Originally published by:Jessica Silver-Greenberg – Wall Street Journal online
The clouds hanging over upscale vacation-home markets are starting to lift. While prices are still falling in most regions, the luxury segment is picking up, and brokers are reporting more inquiries than they have had in years.
The upshot: If you have the money and plan on staying put for the long term, now may be a good time to buy.Five years after housing’s peak, markets that once were out of sight even for well-heeled buyers are now in range. On Hilton Head Island, S.C., a three-bedroom home nestled between the Atlantic Ocean and Calibogue Sound changed hands in April for $750,000, after having sold for $1.2 million in June 2006. In Vail, Colo., a three-bedroom home that fetched $3.3 million in 2008 sold in February for $2.5 million.
Overall, the median second-home price was $150,000 in 2010, down 11% from 2009 and roughly 25% from 2006, according to the National Association of Realtors. That isn’t pretty, but it is only slightly worse than the 22% drop for the overall housing market. The higher end of the market—homes in the $5 million-plus range—has held up better, says Douglas Duncan, chief economist at Fannie Mae. “At the top of the market, particularly luxury homes, prices have proven very elastic, and have sprung upward quickly,” he says.
Buyers are taking heed. On Palm Beach Island, Fla., sales were up 50% in the year ending June 30. Transactions in the Hamptons, on New York’s Long Island, jumped 59% in the second quarter from a year earlier. In Aspen, Colo., sales for the year ending May 31 were up 10%.
The number of people looking at properties is up as well: In Vail, Hilton Head and Palm Beach, foot traffic has jumped by at least 30% this year, according to local real-estate agents. “People have frugality fatigue,” says John Burns, president of John Burns Real Estate Consulting Inc. in Irvine, Calif.
This isn’t to suggest the boom is back. In general, properties situated in prime locations—on the water or near a ski slope—are selling well, but homes in less desirable spots are languishing on the market. Banks are increasingly wary of making second-home mortgages, particularly “jumbo” loans above federally guaranteed limits; 10% of banks raised their standards on such loans last year, according to the Federal Reserve. And the tax deduction for mortgage interest on second homes is at risk of being cut back.
Geography is the best guide to today’s vacation markets: In some places prices are holding up, while in others they are still tanking.
The blue-chip market consists of a handful of spots where prices have stabilized and could soon rebound as sales pick up. Some, such as Hilton Head, have benefitted from tough restrictions on building, which kept inventories manageable during the bust. Prices there have risen by 4% during the past year.
The other market is still very much in crash mode. In places like Miami, Fla. and even Martha’s Vineyard, Mass., prices have continued to drop as foreclosed properties flood the market. But bargains abound as sellers cut their asking prices or accept less to unload properties. In March, for example, a three-bedroom home on Palm Beach Island, Fla., listed for $4.6 million sold for just $2.5 million.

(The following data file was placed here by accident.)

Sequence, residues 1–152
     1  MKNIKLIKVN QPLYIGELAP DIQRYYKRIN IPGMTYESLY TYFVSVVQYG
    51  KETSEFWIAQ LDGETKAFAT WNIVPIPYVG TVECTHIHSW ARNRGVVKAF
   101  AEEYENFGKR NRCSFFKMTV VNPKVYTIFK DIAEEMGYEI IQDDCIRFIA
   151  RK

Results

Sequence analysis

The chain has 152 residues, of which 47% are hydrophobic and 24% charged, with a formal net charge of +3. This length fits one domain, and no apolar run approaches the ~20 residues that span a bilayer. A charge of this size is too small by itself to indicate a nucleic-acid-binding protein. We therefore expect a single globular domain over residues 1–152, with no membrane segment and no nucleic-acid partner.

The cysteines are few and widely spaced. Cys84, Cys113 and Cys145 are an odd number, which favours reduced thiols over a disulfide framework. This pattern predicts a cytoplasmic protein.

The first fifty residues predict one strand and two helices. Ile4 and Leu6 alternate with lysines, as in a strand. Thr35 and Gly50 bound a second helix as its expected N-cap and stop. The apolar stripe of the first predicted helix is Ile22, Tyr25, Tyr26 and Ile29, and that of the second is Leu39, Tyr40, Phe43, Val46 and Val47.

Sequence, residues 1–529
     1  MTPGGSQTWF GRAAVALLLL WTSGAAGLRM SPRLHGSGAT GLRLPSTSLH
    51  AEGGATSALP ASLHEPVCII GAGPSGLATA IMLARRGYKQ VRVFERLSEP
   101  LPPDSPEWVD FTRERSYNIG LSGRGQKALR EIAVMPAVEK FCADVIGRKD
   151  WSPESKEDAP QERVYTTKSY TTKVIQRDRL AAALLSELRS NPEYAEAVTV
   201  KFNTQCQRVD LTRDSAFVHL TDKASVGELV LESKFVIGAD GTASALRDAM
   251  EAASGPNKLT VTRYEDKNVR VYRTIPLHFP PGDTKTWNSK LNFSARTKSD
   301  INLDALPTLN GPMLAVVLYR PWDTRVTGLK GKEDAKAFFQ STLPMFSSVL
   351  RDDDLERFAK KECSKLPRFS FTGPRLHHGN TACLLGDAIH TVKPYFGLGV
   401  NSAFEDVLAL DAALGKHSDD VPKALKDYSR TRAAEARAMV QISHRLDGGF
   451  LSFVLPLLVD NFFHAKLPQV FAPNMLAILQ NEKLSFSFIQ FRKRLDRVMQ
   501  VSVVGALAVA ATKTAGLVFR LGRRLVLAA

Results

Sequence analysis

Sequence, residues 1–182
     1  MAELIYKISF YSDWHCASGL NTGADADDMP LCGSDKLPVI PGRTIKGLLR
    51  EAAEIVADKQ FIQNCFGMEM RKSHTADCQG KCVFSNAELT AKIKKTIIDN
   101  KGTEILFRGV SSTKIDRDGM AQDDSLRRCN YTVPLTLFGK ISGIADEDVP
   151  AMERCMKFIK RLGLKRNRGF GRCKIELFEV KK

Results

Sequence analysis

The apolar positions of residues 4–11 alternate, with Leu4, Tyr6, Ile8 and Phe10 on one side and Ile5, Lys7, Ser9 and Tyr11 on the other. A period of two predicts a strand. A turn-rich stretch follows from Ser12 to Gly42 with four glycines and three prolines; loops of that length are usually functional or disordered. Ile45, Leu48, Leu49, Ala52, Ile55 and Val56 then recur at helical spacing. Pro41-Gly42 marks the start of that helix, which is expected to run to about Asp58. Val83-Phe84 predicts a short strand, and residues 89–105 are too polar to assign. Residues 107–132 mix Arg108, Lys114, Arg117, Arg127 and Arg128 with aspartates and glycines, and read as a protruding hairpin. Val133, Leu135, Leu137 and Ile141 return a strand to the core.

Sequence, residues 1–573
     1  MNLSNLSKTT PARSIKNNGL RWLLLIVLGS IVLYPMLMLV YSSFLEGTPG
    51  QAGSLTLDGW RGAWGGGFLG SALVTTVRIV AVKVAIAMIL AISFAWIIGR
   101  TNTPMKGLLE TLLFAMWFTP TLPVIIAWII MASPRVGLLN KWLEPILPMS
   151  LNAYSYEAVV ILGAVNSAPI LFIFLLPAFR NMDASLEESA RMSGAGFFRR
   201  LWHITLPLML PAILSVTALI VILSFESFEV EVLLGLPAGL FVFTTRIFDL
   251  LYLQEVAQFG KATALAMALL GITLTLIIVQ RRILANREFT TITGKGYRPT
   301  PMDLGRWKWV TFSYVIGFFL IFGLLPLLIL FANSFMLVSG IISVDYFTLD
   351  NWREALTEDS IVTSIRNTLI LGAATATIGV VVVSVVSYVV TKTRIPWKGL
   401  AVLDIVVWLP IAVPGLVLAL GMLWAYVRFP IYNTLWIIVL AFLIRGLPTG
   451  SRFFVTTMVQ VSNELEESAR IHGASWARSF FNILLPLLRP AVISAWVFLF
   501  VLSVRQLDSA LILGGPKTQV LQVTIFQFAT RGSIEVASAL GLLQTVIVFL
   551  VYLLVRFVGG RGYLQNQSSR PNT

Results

With the broader housing market still so sick, it might seem the height of folly to jump into such unpredictable investments now. Even in blue-chip markets there isn’t a guarantee of price appreciation anytime soon. Indeed, over time vacation-home markets don’t do noticeably better than primary-home markets. Homes on Martha’s Vineyard appreciated by 40.9% over the past 10 years, edging out Boston’s 40.5%. But Hilton Head’s 15% gain was trounced by nearby Charleston, S.C.’s 25.4% rise.
Then again, most vacation-home buyers aren’t looking to make big investment profits. More than 80% of second-home buyers surveyed by the National Association of Realtors in May reported that they bought for consumption reasons—to live in the house and enjoy it.
And many second-home buyers are wealthy enough to pay in cash, sidestepping the restrictive and time-consuming mortgage process. Last year, 36% of vacation-home transactions were all-cash deals, up from 29% in 2009, according to the National Association of Realtors. “If you have cash right now, you are in unique position,” says Paul Dales, senior U.S economist with research firm Capital Economics.
If you are thinking of taking the plunge, here is a look at some prominent markets across the country.
These markets are stabilizing and, in some, prices already have started to rise.
Santa Barbara, Calif.
Median home price: $695,000
Median home price five years ago: $1,000,000
Market Snapshot: Situated roughly halfway between San Francisco and Los Angeles, Santa Barbara is starting to reel in wealthier buyers again, says Ken Switzer, a real-estate agent with Prudential California Realty. While prices have plunged since the peak, they have steadied out over the past two years, and sales are starting to jump, according to Paul Suding, president of Santa Barbara’s Association of Realtors. Strict zoning and scarce available land helped protect Santa Barbara from the overbuilding that swept much of California, he says.
Who’s Buying: With interest rates near record lows, restaurant owners Dave and Leah Larson decided it was time to buy. In June, they picked up a four-bedroom ranch-style home for $1.39 million. The couple says the property seems like a great investment because it is on a street where homes recently sold for about $2 million. “We’re very happy and we get the tax savings on the second home,” says Mr. Larson, 39 years old.
Median home price: $781,000
Median home price five years ago: $802,000
Market Snapshot: Housing economists look to Aspen as a luxury-market bellwether. Dotted with upscale boutiques and four-star restaurants, the ski town is welcoming buyers with ample cash on hand, says Steven Shane of SDS Real Estate, a local real-estate broker. Sales of $1 million-and-above are on the rise—especially on the higher end. So far this year, 18 properties priced at $5 million or above have sold, up from 14 in the same period last year.